The Impact of SEC Guidance Related to Cyber Risk for Organizations Using SaaS ERP Systemsin Blog Article by Jeff Hare
The latest U.S. Securities and Exchange Commission (SEC) guidance on Cyber Security risks have “Cyber” firms buzzing. Those that thought this would be the equivalent of Sarbanes Oxley must have been seriously disappointed. There was no mandatory audit of Cyber risk included.
The guidance requires companies “to disclose material cybersecurity incidents they experience and to disclose on an annual basis material information regarding their cybersecurity risk management, strategy, and governance”.
Regarding the first part, “to disclose material cybersecurity incidents they experience”, the SEC effectively already requires organizations to file an 8k for material events. Regarding a breach, the disclosure requirement adds that management is, “to describe the material aspects of the incident’s nature, scope, and timing.”
This may seem like requiring more detail, but the organization will fight against disclosing any specifics that put them further at risk. Eventually their lawyers will craft a high-level response that will surely exclude any red flags for investors to sink their teeth into.
The SEC could have and should have been more specific about their definition of a “cyber incident”. Is a cyber incident only breach of the network or successfully taking over significant admin privileges? Is it the placing of ransomware? Would it include a successful phishing attack of a highly privileged IT user? What about payment fraud made possible through a supplier giving up their credentials to a threat actor?
We know from the guidance that management only has to disclose the event if it is deemed to be “material.” This term has a very specific meaning that most cyber firms do not understand. The Supreme Court has weighed in on what this means for registrants when it comes to financial statements. An omitted fact is “material” if there is a substantial likelihood that a reasonable shareholder would consider it important in deciding how to vote (see https://en.wikipedia.org/wiki/TSC_Industries,_Inc._v._Northway,_Inc.)
What is clear to me is that a “reasonable shareholder” related to a cyber incident is still to be litigated. Furthermore, two things that will likely need specific definitions: “cyber incident” and “omitted fact”.
ERP Risk Advisors is a firm focused on application access control risks in ERP systems and related tools. We don’t see any evidence that the cyber industry is focused on understanding application security, nor are they focused on Software as a Service (SaaS) applications.
Instead, the primary threat on which the cyber industry seems to be focused is ransomware. For SaaS applications this leaves cyber firms with little to offer clients given the SaaS provider, for example Oracle for ERP / HCM Cloud, “covers” this risk in their SOC report.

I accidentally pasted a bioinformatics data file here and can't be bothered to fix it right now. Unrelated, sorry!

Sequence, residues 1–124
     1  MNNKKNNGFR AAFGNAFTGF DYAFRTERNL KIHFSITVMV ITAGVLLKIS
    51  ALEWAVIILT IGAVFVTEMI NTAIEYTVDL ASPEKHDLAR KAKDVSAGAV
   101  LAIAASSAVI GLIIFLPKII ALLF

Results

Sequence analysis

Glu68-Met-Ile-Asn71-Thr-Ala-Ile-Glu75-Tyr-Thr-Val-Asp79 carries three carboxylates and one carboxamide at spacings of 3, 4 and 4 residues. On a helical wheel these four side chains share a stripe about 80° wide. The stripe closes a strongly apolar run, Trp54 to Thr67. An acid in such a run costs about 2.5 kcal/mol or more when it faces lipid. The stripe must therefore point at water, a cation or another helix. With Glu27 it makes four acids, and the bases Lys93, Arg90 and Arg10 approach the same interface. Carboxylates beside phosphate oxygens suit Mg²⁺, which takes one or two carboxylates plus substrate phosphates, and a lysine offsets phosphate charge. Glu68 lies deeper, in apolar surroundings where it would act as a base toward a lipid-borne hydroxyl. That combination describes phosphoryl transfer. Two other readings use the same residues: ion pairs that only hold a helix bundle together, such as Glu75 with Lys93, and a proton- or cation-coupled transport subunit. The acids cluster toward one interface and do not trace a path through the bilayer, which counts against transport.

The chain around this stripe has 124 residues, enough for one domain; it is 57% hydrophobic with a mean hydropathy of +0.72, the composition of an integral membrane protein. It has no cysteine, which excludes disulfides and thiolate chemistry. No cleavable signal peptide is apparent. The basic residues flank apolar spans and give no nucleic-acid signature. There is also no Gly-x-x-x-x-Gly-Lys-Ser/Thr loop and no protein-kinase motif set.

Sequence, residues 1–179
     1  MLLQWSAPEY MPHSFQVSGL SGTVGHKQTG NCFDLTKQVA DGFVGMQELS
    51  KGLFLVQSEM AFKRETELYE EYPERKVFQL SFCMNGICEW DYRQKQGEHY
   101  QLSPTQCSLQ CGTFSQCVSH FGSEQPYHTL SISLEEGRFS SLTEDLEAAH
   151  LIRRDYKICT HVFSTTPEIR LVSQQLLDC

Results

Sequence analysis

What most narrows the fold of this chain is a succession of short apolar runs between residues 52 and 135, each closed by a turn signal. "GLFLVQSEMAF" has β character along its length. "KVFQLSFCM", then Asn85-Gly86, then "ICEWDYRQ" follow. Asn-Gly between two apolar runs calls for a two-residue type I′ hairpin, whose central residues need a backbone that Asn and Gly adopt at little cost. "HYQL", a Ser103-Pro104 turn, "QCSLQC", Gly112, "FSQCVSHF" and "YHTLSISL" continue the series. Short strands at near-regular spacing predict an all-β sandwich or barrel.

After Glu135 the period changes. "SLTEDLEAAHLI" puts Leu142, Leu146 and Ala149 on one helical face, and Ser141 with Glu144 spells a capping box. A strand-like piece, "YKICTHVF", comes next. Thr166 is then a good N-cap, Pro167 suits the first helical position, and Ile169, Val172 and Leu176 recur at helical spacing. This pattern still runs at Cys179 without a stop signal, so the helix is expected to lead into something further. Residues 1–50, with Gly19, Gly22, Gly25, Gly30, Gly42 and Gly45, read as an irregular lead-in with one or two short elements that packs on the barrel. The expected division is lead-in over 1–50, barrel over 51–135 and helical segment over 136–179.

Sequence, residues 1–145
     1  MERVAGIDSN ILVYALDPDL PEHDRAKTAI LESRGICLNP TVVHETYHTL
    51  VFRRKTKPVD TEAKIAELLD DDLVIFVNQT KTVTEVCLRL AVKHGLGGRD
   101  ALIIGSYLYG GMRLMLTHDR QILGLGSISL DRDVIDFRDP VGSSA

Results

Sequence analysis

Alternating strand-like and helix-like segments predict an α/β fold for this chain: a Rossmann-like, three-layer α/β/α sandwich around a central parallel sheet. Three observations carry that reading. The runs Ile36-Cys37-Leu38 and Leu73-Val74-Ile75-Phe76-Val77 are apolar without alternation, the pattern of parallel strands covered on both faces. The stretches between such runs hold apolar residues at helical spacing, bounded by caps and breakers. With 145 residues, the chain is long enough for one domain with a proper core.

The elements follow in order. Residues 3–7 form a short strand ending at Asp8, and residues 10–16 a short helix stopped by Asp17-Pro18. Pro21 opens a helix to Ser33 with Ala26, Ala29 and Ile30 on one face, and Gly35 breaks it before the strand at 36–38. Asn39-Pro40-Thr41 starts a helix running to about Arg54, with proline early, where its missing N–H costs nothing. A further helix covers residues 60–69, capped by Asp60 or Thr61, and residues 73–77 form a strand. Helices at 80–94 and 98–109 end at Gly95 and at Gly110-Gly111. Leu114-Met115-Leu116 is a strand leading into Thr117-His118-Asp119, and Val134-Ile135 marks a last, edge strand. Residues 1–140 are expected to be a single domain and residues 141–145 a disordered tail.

Could a breach of an ERP system like Workday, ERP / HCM Cloud, SAP S/4HANA, or NetSuite be material for a company? Yes. Two risks that could be material are Data Theft and Fraud. As an added complication, configuring and securing the system to address these risks is unique to each system. How APIs are secured and how integrations are built is very different in ERP Cloud vs Workday or SAP S/4 Hana. SSO/MFA configurations are different in ERP Cloud vs NetSuite.
Risks in SaaS systems such as ERP Cloud and Workday are unique to each environment as well. Understanding these risks takes deep domain expertise in each ERP’s configurations and application roles that can lead to the theft of sensitive data or the committing of fraud. To effectively evaluate and mitigate these risks for SaaS applications, management needs to include them in cyber risk assessments.
CISOs also need to put a process in place to fully understand if and how these risks evolve as the software provider patches the applications. Patching of applications happens either quarterly or semi-annually by most ERP providers. Given the constant evolution of the applications, new APIs and web services are constantly being introduced that could leave an organization vulnerable to data theft, fraud, and operational risks.
ERP Risk Advisors is the thought lead on risk in ERP applications and can help management and cyber firms fill the gap in the identification, management, and mitigation of these risks. If you are interested in discussing how we can help your organization, contact us here.